Another great round of baseball has concluded. We’ve got a great matchup in the Cards and Rangers, but both Game 6 LCS games were great for fans who dig the long ball. I went 1-1 in my picks, bringing me to 4-2.
Texas Rangers vs. St. Louis Cardinals
Game 1: Oct. 19, 8:05 PM ET: C. Wilson vs. C. Carpenter
Game 2: Oct. 20, 8:05 PM ET: C. Lewis vs. J. Garcia
Game 3: Oct. 22, 8:05 PM ET: E. Jackson vs. D. Holland
Game 4: Oct. 23, 8:05 PM: K. Lohse vs. M. Harrison
*Game 5: Oct. 24, 8:05 PM ET: C. Carpenter vs. C. Wilson
*Game 6: Oct. 26, 8:05 PM ET: C. Lewis vs. K. Lohse
*Game 7: Oct. 27, 8:05 PM ET: D. Holland vs. J. Garcia
The Rangers are the first AL team to win back-to-back pennants since the Yankees did in 2000-01. St. Louis is gunning for their 11th world championship, which is second-most all-time to the Yankees’ 27. This series is sure to bring the following: poor starting pitching, excessive bullpen use, lots of homeruns and lots of runs.
The Rangers had a starters’ ERA of 6.59 in the ALCS, the second-highest for an AL team that went to the World Series; however, the other four teams in that top five went on to win the World Series. No Rangers starter went more than six innings in their 10 postseason games this year. Texas’ ace, LHP C.J. Wilson, allowed 14 hits and eight earned runs in 10 2/3 innings. In his past five postseason starts, he is 0-3, has pitched 28 2/3 innings, surrendering 18 earned runs, walking 15 and serving up seven home runs. On the flip side, in the NLCS, no Cardinals starter went more than five innings, making them the first team ever to win a postseason series of at least five games without a starter going more than five innings.
The benefit though, is that the Cards will have RHP Chris Carpenter ready to go on Game 1 on full rest. Double C threw a 3-hit shutout against Phillies’ RHP Roy Halladay in a 1-0 Game 5 NLDS win to advance. It was Carpenter’s third shutout in the past month, but there were also a pair of starts where he was off–in the first, he lasted only three innings, but it was the first start he’d ever made on short rest; the other lasted only five innings, and even though he got the win in Game 3 of the LCS, he wasn’t sharp.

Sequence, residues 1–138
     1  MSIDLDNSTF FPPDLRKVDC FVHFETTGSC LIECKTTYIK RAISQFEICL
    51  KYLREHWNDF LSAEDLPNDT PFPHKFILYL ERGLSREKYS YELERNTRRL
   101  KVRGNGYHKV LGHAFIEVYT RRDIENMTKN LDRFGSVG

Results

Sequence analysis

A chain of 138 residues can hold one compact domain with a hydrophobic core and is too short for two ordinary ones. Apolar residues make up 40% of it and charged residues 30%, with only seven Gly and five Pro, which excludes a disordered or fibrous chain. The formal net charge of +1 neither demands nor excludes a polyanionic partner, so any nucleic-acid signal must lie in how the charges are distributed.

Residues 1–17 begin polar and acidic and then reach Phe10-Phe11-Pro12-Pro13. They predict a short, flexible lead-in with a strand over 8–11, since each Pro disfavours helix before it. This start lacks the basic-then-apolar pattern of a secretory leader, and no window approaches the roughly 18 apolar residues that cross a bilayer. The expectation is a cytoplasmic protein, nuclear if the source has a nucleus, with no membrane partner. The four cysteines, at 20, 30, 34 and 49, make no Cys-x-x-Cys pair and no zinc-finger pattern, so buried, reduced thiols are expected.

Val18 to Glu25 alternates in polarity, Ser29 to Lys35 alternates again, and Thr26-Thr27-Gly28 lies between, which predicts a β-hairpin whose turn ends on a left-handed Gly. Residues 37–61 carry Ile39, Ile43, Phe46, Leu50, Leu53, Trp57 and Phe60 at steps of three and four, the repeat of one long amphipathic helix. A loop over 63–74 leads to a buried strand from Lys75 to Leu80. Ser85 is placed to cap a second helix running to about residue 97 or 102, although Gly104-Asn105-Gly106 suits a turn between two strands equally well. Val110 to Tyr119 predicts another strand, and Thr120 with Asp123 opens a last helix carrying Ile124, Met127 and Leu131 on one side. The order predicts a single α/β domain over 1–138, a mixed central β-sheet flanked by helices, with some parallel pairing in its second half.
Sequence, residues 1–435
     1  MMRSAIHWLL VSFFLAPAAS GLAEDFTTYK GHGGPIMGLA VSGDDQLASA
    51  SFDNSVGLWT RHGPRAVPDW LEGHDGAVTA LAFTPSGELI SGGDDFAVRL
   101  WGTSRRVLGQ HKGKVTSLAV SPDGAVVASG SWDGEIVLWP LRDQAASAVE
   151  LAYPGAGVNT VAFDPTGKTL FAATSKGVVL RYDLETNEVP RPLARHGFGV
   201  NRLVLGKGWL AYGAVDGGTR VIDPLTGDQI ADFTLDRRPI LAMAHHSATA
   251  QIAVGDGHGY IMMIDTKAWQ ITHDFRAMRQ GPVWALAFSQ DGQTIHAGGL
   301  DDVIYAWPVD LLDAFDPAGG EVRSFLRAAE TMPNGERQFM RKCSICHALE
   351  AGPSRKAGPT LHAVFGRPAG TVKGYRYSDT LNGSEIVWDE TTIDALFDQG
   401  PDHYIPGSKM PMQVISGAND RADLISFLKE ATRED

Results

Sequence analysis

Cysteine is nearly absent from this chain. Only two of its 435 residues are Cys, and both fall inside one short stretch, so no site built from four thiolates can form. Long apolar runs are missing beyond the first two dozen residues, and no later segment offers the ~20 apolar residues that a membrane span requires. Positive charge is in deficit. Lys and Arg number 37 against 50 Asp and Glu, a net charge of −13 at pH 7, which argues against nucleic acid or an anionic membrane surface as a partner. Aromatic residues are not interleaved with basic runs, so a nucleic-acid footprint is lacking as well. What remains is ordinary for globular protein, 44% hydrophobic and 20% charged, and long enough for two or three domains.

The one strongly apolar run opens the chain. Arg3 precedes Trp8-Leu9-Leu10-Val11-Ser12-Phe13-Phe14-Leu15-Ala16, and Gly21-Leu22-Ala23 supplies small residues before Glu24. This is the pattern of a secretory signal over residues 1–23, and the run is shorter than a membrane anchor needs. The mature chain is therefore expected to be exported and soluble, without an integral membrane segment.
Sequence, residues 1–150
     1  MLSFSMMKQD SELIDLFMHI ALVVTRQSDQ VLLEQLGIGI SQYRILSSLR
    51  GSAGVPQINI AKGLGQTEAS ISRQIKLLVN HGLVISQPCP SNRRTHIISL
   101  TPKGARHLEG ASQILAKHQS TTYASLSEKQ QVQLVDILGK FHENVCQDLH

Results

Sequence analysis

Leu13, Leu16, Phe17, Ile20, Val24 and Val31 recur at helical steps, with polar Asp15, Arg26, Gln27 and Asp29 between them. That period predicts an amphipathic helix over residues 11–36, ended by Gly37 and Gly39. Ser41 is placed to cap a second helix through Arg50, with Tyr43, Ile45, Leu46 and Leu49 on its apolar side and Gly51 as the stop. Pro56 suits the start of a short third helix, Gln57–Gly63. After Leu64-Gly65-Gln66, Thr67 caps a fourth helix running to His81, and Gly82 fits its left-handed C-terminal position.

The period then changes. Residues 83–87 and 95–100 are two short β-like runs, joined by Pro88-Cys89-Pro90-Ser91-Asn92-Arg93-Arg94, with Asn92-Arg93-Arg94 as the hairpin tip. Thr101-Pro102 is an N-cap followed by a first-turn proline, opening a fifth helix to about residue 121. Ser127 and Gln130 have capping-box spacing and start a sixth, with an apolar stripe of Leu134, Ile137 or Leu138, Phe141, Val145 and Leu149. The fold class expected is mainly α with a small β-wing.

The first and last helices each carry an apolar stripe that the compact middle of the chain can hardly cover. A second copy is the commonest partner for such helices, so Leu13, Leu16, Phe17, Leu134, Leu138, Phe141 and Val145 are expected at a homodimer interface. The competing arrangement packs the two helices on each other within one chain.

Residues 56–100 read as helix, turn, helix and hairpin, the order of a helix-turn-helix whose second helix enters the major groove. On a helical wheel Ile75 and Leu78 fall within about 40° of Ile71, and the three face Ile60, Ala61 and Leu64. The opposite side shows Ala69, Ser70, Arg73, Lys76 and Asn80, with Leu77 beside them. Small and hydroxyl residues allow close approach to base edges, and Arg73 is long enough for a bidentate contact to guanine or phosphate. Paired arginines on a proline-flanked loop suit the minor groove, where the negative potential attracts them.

One player we must touch on is NLCS MVP Nelson Cruz. What a story. Cruz went 1-for-15 with no RBIs in the LDS, then went nuts and hit .364 with six homers and 13 RBIs in the LCS, the latter two becoming postseason records. Talk about clutch–Cruz is the only player to hit 12 total home runs in consecutive postseasons, and is the only player ever to go for the home run cycle (solo, two-run, three-run and grand slam) in one postseason series. He’s also the only player to hit a walk-off grand slam in the postseason, and the only player to hit two extra-inning home runs in the same postseason.
While not as powerful as the Rangers’ lineup, the Cards offence is still lethal. They led the NL in runs scored this season, but despite their outburst in Game 6 of the LCS, there are a few questions: 1B Albert Pujols remains the best hitter in the game, but OF Lance Berkman was awful, while OF Matt Holliday remains affected by his hand injury. For anyone who’s been following the Cardinals all season, 3B David Freese is no surprise, but to the casual fan, he’s an emerging superstar. The oft-injured Freese has to all parts of the field, especially when hitting fastballs opposite field. If he can remain healthy for the series (and the season), Freese will emerge as a stud in a protected lineup.